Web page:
Sun, Aug 21, 2011 - Page 8 News List

EDITORIAL: Economy faces bumpy road

If the latest economic forecast by the government is to be believed, it faces a difficult mission delivering on its promise of maintaining GDP growth of 5 percent this year. The bad news is that the real picture would fall far short of the government’s estimate if more negative elements are factored in.

On Thursday, the Directorate-General of Budget, Accounting and Statistics (DGBAS) again revised downward its economic growth forecast for this year to 4.81 percent from the 5.01 percent it forecast last month, after it last month adjusted downward the forecast to 5.01 percent from the 5.06 percent predicted in May. For next year, the government said it now expected the economy to expand 4.58 percent.

The DGBAS revised downward its growth forecast for the first quarter to 6.16 percent from 6.55 percent, but revised upward its estimate for the second quarter to 5.02 percent from 4.88 percent. It expected the economy to expand 3.48 percent in the third quarter and 4.71 percent in the fourth quarter. With an average of 5.59 percent growth in GDP in the first half of the year based on the latest government data, the economy is predicted to slow to an average growth of 4.095 percent in the second half, 0.21 percentage points lower than the previous estimate issued last month.

Either from a seasonally adjusted annualized rate (SAAR) or seasonally adjusted quarterly rate (SAQR), the DGBAS data showed the nation’s economy would contract in the third quarter from the previous quarter and mark the first contraction since the first quarter of 2009. Whether the economy would hit a trough in the third quarter, as Citigroup predicted, or climb off the bottom in the first quarter next year, as Morgan Stanley’s predicted, Taiwan faces formidable challenges in the global economic environment during the second half of the year, such as the eurozone’s sovereign debt crisis, the lackluster economic recovery in the US and inflationary pressures in emerging markets.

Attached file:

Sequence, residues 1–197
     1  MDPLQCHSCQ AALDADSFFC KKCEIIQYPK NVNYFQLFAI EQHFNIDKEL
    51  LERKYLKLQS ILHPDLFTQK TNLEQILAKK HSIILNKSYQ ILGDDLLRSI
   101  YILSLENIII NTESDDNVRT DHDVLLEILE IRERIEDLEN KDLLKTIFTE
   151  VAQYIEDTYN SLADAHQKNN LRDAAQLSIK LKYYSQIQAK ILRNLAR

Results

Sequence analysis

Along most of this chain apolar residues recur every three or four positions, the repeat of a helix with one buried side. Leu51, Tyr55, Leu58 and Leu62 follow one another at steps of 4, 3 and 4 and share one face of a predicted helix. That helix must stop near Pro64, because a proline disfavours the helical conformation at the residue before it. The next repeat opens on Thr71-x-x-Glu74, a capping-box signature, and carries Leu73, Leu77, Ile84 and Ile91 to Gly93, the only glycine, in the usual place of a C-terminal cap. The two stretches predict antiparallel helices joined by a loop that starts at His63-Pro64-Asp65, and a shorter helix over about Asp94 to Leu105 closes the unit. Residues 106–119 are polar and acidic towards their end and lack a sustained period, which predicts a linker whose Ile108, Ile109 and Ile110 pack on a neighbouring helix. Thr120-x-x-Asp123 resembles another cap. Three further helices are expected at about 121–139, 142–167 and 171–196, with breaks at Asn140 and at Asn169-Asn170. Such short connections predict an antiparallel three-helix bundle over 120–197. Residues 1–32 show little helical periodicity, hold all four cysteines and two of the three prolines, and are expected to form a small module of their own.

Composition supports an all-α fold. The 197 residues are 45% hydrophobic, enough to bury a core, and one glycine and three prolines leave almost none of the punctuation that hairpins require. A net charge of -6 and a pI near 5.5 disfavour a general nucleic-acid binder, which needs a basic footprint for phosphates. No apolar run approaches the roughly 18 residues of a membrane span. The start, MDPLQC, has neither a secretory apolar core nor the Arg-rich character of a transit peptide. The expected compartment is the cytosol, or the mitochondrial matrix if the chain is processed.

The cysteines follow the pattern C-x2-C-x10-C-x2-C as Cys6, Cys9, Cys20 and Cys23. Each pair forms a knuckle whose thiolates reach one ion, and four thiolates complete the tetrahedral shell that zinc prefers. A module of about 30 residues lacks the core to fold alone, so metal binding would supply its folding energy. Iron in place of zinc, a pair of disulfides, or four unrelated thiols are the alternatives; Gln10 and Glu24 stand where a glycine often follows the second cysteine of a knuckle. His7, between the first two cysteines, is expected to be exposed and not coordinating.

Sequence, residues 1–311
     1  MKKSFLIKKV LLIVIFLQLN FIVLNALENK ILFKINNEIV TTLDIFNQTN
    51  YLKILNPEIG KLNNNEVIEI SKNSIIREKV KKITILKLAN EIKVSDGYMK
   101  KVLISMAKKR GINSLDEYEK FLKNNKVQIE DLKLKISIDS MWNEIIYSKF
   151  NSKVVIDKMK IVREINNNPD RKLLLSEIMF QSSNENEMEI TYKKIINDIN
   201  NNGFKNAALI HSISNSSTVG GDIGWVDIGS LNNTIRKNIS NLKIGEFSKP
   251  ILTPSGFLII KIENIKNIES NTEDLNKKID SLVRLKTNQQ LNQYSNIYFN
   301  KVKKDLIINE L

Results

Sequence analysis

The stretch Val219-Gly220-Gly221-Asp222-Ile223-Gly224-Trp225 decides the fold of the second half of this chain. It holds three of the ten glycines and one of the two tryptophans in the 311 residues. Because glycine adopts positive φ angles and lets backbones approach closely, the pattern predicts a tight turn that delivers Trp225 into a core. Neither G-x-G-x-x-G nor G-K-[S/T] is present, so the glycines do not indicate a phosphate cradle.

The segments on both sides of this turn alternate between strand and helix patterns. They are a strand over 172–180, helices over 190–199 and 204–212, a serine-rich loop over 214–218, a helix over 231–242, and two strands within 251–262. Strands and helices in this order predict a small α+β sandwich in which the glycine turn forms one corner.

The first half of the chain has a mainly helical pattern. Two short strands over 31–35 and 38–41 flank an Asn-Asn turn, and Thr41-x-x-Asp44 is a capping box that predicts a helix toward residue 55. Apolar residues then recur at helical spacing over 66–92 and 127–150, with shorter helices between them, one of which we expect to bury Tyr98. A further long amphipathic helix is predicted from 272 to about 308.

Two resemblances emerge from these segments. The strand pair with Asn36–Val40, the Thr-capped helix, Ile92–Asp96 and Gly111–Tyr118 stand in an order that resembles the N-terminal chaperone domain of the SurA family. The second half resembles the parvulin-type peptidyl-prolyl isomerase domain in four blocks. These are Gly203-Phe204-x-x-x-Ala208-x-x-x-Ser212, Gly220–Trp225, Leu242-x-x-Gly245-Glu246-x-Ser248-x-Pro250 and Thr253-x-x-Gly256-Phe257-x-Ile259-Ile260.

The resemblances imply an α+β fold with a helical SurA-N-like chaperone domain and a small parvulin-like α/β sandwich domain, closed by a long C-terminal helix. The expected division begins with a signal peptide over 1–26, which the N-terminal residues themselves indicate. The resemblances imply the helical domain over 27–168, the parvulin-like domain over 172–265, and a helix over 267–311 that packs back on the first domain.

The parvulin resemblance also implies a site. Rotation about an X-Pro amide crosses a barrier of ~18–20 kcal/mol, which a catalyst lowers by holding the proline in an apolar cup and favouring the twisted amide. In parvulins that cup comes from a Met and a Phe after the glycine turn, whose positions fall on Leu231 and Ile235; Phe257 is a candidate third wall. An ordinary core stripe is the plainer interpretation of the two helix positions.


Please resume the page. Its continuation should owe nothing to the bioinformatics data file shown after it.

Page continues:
The government also faces a basketful of uncertainties at home, which DGBAS statisticians have not taken into account in their downward revision of the GDP growth estimate released on Thursday.

These uncertainties are the likely appreciation of the New Taiwan dollar against the US dollar on renewed recession fears for the US economy, the shutdown of Formosa Plastics Group’s plants in the Mailiao petrochemical complex for safety inspections and the fewer-than-expected number of Chinese tourists and their lower-than-anticipated spending. In Formosa Plastics Group’s case, this year’s GDP growth could be cut by a further 0.2 percentage points if the Mailiao complex remains partially shut through the end of the year, according to the DGBAS’ estimate.

What can the government do to deal with the challenge? It could seek to further boost domestic consumption or look for ways to attract more foreign companies or overseas Taiwanese businesses to invest in Taiwan. For instance, if a report by Japan’s Sankei Shimbun last week that Taiwan and Japan may enter a bilateral investment protection agreement next month proves to be true, it would facilitate more economic exchanges between the two countries.

If the government could step up efforts to invite more Japanese companies to invest in Taiwan at a time when Japan is rebuilding its global production strategy following the March 11 earthquake and tsunami, it would help offset the falling private and public investments the nation has seen this year.

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